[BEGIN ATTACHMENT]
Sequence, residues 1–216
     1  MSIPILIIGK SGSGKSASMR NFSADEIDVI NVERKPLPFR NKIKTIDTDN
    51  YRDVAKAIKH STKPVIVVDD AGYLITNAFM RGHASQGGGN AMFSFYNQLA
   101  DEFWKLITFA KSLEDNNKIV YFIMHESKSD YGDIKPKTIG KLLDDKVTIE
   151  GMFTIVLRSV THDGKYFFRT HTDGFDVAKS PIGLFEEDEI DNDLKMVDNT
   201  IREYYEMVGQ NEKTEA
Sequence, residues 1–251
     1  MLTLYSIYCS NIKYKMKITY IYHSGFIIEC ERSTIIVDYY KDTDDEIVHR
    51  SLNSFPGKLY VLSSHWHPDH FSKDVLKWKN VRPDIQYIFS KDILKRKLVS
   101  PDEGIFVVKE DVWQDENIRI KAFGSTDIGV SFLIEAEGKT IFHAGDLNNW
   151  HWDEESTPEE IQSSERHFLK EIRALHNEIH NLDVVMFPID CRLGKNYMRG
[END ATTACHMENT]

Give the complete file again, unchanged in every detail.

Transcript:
Sequence, residues 1–216
     1  MSIPILIIGK SGSGKSASMR NFSADEIDVI NVERKPLPFR NKIKTIDTDN
    51  YRDVAKAIKH STKPVIVVDD AGYLITNAFM RGHASQGGGN AMFSFYNQLA
   101  DEFWKLITFA KSLEDNNKIV YFIMHESKSD YGDIKPKTIG KLLDDKVTIE
   151  GMFTIVLRSV THDGKYFFRT HTDGFDVAKS PIGLFEEDEI DNDLKMVDNT
   201  IREYYEMVGQ NEKTEA
Sequence, residues 1–251
     1  MLTLYSIYCS NIKYKMKITY IYHSGFIIEC ERSTIIVDYY KDTDDEIVHR
    51  SLNSFPGKLY VLSSHWHPDH FSKDVLKWKN VRPDIQYIFS KDILKRKLVS
   101  PDEGIFVVKE DVWQDENIRI KAFGSTDIGV SFLIEAEGKT IFHAGDLNNW
   151  HWDEESTPEE IQSSERHFLK EIRALHNEIH NLDVVMFPID CRLGKNYMRG